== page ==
By Bob Difley
The Democrats caved in again, this time allowing the ban on offshore drilling to expire, a ban that has stood for 15 years. I can hear some of you cheering already, thinking that this will finally bring some relief at the gas pump.
Funny thing, this idea. Neither the Democrats nor Republicans (unless issuing sound bytes to the press, pandering to the public, or running for president) feel that “Drill! Drill! Drill!” is anything but political mantra designed to stir up public emotions. The government itself has said that the amount of offshore oil we could bring to market will not get there for at least ten years* and when it does it will mean only a few cents at the pump. (* Why so long? One reason is the shortage of enough petroleum engineers and equipment, as stated in an article in the NY Times May 15, 2008, “Relentless increases in the price of steel are halting or slowing major construction projects world-wide and investments in ship-building and oil-and-gas exploration . . . ) Yet, because it is an election year, the Democrats yielded to anti-environmentalist sentiment and a gas-price-enraged public to win votes.
I’ve also had comments that if we would have started drilling off shore ten years ago, we would have that oil now. The same holds true for fuel efficient cars, which would have been a far more effective program. Following the oil embargo of 1973-74, Congress passed the CAFE standards that required new cars to achieve a doubling of fuel economy from abut 13.5 mpg to 27.5 mpg in ten years. And it happened. Europeans and Japanese raised gasoline taxes at the same time to fund alternative sources of energy, so they wouldn’t have to go through a fuel shortage again.
So what did we do after the price of gas settled down and the fuel economy standards were met by the car manufacturers? Nothing. Not a move was taken either by the President or Congress to continue forcing the auto manufacturers to improve economy standards to keep oil prices low and to reduce our imports of foreign oil. In fact, President Reagan rolled back the standard from 27.5 mpg to 26 mpg. Not only that, he slashed the budgets of the alternative energy programs, and along with Congress allowed the incentives for solar and wind start-ups to lapse.
So what did the other governments do in that same time frame? The Japanese, with the extra fuel taxes, invested in fuel efficiency so that now Japanese autos dominate in fuel efficiency. (And the high price of gas encouraged Japanese drivers to favor fuel efficient cars, unlike in America where car manufacturers, Michigan legislators, and the United Auto Workers union continued successfully to lobby Congress to NOT raise gasoline taxes, NOT to create fuel efficient cars, and to have SUVs labeled as light trucks that were not bound by the CAFE fuel economy standards, therefore creating the demand for inefficient, gas-guzzling, polluting behemoths—which also, Surprise!, earned the auto makers their largest profits.) France invested in nuclear energy from which it now gets 78% of its energy. Denmark went for wind, along with solar, and now produces 16% of its total energy requirement from these clean, renewable sources, as well as creating an export industry that helped grow their economy by 70% by providing clean energy jobs. Brazil adopted ethanol as a fossil fuel alternative and now produces enough ethanol that it not only does not have to import foreign oil but sells ethanol on the export market—to the US!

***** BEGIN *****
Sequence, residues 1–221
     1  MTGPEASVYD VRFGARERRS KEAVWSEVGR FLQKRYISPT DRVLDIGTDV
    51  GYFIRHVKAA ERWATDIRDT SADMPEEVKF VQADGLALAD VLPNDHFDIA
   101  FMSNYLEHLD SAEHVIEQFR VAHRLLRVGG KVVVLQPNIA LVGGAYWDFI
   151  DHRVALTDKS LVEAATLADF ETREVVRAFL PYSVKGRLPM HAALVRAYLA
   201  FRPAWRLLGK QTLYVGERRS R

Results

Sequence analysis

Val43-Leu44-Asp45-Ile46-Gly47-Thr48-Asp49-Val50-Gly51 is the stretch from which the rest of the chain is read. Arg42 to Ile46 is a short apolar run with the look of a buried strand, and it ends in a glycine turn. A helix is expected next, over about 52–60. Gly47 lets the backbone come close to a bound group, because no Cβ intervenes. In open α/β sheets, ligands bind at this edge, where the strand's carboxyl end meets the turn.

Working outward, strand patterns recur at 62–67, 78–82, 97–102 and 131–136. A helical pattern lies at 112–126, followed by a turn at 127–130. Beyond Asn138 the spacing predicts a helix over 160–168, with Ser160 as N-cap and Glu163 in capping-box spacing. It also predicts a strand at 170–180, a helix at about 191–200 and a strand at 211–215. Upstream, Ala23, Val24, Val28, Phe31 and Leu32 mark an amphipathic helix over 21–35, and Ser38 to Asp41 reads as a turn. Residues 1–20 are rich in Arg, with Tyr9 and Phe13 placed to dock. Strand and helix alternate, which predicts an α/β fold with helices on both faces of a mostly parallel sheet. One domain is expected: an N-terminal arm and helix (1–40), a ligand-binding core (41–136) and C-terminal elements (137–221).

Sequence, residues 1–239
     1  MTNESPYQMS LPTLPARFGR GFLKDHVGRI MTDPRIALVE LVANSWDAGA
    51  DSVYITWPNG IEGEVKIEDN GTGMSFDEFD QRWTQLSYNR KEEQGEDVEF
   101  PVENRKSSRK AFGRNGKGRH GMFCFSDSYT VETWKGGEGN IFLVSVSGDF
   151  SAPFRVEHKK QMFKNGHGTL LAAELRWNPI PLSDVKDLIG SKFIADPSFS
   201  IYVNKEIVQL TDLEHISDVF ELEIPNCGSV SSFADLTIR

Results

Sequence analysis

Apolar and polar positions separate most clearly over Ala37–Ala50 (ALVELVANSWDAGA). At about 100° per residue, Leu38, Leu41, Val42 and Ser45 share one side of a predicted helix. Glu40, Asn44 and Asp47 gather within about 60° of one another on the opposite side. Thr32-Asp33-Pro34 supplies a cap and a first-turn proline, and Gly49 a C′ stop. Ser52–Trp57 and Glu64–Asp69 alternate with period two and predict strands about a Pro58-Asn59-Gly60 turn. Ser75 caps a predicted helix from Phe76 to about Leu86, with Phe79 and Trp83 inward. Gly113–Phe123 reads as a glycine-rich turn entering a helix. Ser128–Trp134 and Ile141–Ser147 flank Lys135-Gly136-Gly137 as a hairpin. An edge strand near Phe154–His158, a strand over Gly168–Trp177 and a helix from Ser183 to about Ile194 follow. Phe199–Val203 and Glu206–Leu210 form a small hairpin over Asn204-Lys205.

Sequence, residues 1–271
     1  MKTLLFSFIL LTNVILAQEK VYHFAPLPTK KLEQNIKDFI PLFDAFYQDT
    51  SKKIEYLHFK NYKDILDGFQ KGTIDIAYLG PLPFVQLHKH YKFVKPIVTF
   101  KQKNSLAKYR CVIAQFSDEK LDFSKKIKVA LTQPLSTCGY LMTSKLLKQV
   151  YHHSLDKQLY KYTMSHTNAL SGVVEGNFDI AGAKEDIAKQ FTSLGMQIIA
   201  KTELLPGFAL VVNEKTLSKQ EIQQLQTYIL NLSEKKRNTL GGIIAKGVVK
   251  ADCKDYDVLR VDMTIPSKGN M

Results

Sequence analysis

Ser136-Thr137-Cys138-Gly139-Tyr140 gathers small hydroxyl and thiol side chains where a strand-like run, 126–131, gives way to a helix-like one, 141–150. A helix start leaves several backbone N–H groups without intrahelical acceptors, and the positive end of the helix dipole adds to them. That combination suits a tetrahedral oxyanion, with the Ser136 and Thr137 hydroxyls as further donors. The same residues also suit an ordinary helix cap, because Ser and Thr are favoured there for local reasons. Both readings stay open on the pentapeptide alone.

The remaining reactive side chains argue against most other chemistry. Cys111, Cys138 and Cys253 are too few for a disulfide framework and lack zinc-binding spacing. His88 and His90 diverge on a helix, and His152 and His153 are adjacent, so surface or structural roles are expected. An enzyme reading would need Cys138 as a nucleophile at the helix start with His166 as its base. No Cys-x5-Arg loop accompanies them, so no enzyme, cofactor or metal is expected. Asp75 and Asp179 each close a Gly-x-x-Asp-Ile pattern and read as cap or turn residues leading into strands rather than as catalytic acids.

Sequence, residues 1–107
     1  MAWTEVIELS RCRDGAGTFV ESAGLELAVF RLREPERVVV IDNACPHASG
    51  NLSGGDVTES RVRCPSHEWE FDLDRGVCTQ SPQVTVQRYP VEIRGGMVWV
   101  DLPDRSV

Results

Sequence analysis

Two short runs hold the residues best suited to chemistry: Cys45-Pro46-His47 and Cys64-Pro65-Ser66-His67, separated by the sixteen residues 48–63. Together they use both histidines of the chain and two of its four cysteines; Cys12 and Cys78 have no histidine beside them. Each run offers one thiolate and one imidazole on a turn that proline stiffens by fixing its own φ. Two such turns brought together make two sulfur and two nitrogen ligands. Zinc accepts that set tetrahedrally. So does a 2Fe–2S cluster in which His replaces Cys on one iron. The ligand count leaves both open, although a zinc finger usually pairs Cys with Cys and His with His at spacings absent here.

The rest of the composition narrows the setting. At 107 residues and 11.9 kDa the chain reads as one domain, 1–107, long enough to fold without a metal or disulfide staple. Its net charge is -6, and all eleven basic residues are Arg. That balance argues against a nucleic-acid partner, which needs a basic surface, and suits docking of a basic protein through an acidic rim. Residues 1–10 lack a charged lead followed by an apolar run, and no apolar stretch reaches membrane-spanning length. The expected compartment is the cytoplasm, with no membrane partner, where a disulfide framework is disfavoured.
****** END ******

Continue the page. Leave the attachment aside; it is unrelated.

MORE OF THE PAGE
Had we not allowed those with a strong oil agenda to control congress and the senate, and had we increased mileage only to what other, less developed countries—including China—have accomplished in fuel economy standards, we would already (1) Be paying a lot less at the pump, (2) Have eliminated—yes, eliminated—the need for any OPEC oil, (3) Reduced our greenhouse gasses well below the target 1990 levels, and (4) Have no need to endanger our natural lands and feed additional subsidies to oil companies to proceed with unnecessary oil drilling. We should be embarrassed that every other country has made wiser decisions than the supposed world leader, and that we still continue to defend our use of 25% of the world’s energy, while moving like a slug toward clean, sustainable, energy independence.
Here is what the Union of Concerned Scientists says about increased domestic drilling. “The oil savings from fuel economy dwarf potential domestic oil resources. Oil resources will take decades to develop, and will save at the most pennies per gallon, according to the Energy Information Administration. Because savings from reduced gasoline use go directly to consumers, rather than to oil companies, fuel economy should be our first choice.”
That’s not all. Congress passed a bill in 2007 to increase the fuel economy standard to 35 mpg by 2020. Yet analysis from Bush’s own administration shows that we could reach that milestone five years sooner. Figure out how much that would save in oil imports and savings at the pump over that un-needed five year period.
By Bob Difley